The report outlined some specific solutions for solving the April cash flow dilemma:

  • A quick legislative solution to the state’s $1.2 billion deficit could help – particularly if it accelerates revenue collections or reduces expenditures. But a budget solution will probably not be enough.
  • MMB can delay payments – a power they have already exercised. Last fall, MMB realized the state would be facing a negative cash flow situation in November. Starting in October, the state delayed $140 million in corporate and sales tax refund payments to manage the problem. The refunds were sent out in December.

The report detailed four possible payment delays (these do not require legislative approval):

  • Up to $90 million in payments to the University of Minnesota for up to 60 days. The legislature would need to approve payment of interest on the delayed payments.
  • Up to $60 million in corporate income tax and sales tax refunds for up to 80 days. The state has 90 days to pay these refunds, so it would not have to pay interest.
  • Up to an estimated $950 million in individual income tax refunds for two weeks. The state has 90 days to pay these refunds, so it would not have to pay interest.
  • Up to $925 million in school aid payments. The report says, however, that a more realistic amount would be $250-500 million.

Unfortunately, our cash flow problems don’t end this April. MMB projects that we will have a negative cash flow situation nearly every month in FY 2011. The state might need to borrow more than $1 billion over the course of the fiscal year to ensure we have sufficient cash on hand. To address this, the report outlines some long-term cash management options to better balance the flow of our revenues and expenses within a month (most of these do require legislative approval):

  • Accelerate individual income tax collections. The state would change withholding tables to collect more taxes in the first half of the calendar year (when the state needs it most) and less in the second half of the calendar year.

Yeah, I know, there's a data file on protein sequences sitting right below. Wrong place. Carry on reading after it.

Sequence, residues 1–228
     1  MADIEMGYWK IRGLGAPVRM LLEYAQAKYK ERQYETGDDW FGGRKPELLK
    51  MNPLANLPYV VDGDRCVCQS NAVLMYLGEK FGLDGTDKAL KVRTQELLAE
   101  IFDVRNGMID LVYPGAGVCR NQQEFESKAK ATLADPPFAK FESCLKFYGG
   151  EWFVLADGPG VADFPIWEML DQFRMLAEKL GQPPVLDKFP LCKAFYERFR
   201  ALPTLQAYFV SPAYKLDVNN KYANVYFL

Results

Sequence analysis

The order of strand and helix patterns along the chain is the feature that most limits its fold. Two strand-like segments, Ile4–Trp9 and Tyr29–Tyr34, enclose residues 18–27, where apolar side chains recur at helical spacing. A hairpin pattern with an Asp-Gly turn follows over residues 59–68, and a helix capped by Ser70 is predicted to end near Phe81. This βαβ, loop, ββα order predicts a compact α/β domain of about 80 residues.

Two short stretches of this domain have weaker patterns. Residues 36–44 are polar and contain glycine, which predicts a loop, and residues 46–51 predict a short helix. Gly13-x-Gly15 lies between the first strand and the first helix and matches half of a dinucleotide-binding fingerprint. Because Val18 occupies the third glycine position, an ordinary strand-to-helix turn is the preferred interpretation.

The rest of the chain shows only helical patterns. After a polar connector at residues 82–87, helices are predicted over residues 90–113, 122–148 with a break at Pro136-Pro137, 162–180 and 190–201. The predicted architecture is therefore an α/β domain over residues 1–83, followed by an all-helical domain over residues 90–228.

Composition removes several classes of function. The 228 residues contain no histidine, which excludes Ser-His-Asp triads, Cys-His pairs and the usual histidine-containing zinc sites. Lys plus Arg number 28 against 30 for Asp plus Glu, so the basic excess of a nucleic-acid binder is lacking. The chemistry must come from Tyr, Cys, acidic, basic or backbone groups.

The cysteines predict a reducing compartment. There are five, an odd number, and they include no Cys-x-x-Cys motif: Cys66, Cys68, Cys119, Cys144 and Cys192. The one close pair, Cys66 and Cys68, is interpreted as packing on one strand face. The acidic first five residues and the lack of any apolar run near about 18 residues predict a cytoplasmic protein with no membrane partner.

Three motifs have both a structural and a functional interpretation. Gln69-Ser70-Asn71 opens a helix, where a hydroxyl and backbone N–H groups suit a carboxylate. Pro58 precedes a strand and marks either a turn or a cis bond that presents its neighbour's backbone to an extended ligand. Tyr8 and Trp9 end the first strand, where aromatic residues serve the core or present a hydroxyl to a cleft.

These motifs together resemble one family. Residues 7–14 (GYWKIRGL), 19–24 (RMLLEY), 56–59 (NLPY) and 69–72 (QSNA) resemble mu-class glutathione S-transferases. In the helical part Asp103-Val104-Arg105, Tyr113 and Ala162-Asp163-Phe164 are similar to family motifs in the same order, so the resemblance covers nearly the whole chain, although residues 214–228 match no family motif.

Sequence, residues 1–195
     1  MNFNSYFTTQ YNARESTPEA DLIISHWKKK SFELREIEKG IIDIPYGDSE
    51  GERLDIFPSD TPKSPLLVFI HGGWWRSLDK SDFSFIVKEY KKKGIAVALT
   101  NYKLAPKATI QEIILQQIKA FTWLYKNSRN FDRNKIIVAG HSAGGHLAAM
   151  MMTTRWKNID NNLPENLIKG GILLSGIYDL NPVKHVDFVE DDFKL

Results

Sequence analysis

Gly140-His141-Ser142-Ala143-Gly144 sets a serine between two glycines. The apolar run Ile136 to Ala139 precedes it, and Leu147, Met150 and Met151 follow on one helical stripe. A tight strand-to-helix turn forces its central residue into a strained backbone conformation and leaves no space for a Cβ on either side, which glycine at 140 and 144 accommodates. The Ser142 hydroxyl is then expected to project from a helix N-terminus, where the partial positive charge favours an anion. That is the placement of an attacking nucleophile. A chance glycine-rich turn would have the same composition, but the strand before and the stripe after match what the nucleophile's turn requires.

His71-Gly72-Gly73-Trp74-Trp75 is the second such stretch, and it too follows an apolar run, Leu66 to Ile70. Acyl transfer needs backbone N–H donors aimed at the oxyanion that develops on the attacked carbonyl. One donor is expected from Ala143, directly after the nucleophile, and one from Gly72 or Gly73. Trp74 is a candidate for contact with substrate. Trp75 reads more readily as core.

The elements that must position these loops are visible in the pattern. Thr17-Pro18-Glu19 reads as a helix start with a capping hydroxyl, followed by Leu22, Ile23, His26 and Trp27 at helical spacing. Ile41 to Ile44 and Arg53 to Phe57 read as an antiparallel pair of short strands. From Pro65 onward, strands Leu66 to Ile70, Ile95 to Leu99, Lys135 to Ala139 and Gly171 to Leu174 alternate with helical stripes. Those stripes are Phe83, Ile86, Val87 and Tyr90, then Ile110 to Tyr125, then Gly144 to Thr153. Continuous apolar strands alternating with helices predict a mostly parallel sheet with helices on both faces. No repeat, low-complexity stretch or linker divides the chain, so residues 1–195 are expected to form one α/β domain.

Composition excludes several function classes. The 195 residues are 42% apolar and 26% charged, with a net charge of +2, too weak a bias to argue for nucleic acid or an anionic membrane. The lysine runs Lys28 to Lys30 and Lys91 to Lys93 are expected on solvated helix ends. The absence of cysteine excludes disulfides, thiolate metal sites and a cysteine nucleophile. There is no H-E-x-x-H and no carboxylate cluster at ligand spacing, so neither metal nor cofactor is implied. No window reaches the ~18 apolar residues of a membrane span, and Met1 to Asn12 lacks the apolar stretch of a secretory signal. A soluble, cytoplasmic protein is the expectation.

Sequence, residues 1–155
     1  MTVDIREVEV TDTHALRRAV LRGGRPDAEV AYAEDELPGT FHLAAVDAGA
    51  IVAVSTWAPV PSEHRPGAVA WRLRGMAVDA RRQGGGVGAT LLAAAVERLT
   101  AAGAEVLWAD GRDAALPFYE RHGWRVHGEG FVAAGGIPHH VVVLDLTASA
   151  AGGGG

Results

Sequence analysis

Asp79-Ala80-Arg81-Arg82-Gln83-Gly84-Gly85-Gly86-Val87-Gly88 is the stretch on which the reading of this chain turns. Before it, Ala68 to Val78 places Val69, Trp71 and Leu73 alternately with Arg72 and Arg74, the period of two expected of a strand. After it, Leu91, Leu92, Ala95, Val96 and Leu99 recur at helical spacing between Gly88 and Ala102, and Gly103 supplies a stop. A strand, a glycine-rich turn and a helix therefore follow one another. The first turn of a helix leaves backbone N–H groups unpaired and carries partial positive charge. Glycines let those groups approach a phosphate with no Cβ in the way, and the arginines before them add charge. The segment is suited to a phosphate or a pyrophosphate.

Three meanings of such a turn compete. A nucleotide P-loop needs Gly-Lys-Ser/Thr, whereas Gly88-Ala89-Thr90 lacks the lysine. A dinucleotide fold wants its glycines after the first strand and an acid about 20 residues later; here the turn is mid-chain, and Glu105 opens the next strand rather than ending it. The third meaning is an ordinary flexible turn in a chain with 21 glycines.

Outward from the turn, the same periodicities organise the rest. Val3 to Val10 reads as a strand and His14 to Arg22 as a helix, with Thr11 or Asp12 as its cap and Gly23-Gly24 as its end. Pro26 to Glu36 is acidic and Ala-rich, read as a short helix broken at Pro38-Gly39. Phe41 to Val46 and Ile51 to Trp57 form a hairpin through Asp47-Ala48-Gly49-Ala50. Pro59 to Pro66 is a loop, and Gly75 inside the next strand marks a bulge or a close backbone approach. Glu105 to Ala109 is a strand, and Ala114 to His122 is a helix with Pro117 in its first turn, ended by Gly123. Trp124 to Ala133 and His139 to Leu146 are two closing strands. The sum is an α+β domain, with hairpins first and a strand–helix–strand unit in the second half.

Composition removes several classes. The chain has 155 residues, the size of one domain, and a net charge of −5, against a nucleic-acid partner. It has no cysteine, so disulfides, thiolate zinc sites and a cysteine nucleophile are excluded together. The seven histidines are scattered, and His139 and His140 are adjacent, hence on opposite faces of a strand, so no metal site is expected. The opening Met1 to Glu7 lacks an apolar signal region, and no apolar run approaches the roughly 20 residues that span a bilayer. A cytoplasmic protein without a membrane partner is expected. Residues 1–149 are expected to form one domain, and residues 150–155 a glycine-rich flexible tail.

• Accelerate sales tax payments by businesses with large sales tax collections.
  • Have counties submit receipts from the statewide property tax to the state earlier than they currently do. Counties would lose out on the interest and could face cash flow troubles themselves.
  • Permanently delay payments to the University of Minnesota and MNSCU from the beginning of the month to the 21st of the month.
  • Deposit the revenues from the Health Impact Fee directly into the general fund. Right now, the Commissioner of Human Services needs to certify tobacco-related health care costs before funds are transferred to the general fund.
  • Resort to short-term borrowing from an external market. A potential wrinkle: state law may actually require the delay of school aid payments before the state could consider external short-term borrowing.

One thing to remember, these cash management options are not budget cuts or accounting gimmicks – they are strategies to ensure the state’s day-to-day revenues and expenses match up. However, these actions can have negative impacts – including the loss of interest on investments or creating cash flow problems for others.

-Christina Wessel

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State’s budget reserve should be at $1.3 billion

January 21, 2010

The Minnesota Budget Project has long joined with other experts (such as the state’s Council of Economic Advisors and the State Budget Trend Study Commission) in arguing that the state needs a more robust budget reserve to help us through economic downturns.

Last week Minnesota Management and Budget released a report advising that the state would need a budget reserve of $1.3 billion for the current biennium to adequately prepare us for short-term fluctuations in the state’s volatile revenue streams. That’s equal to about 3.9 percent of last biennium’s expenditures.

Unfortunately, we are nowhere near that goal.

  • The state’s budget reserve is currently at zero. The Governor was required to use up the last $155 million in the reserve when he unallotted in December 2008.
  • The state’s cash flow account (currently at $350 million) should not count towards the budget reserve target. As recent news shows, we need the cash flow account to meet cash flow needs.
  • Even if we were enjoying a surplus right now, state law effectively caps the state’s budget reserve at $653 million (which is just 1.9 percent of last’s biennium’s expenditures).

Clearly, we are in no position to be building a budget reserve right now. Hopefully, however, the economy will turn around and the state will once again experience budget surpluses. When those days return, it should be a high priority for the state to fill the state’s budget reserve to an appropriate level.

Fortunately, a new state law requires MMB to provide a recommended level for the state’s budget reserve every January. And to help things out, policymakers could change the current cap on the state budget reserve so that future surpluses could be directed towards building the budget reserve to a more responsible level.

-Christina Wessel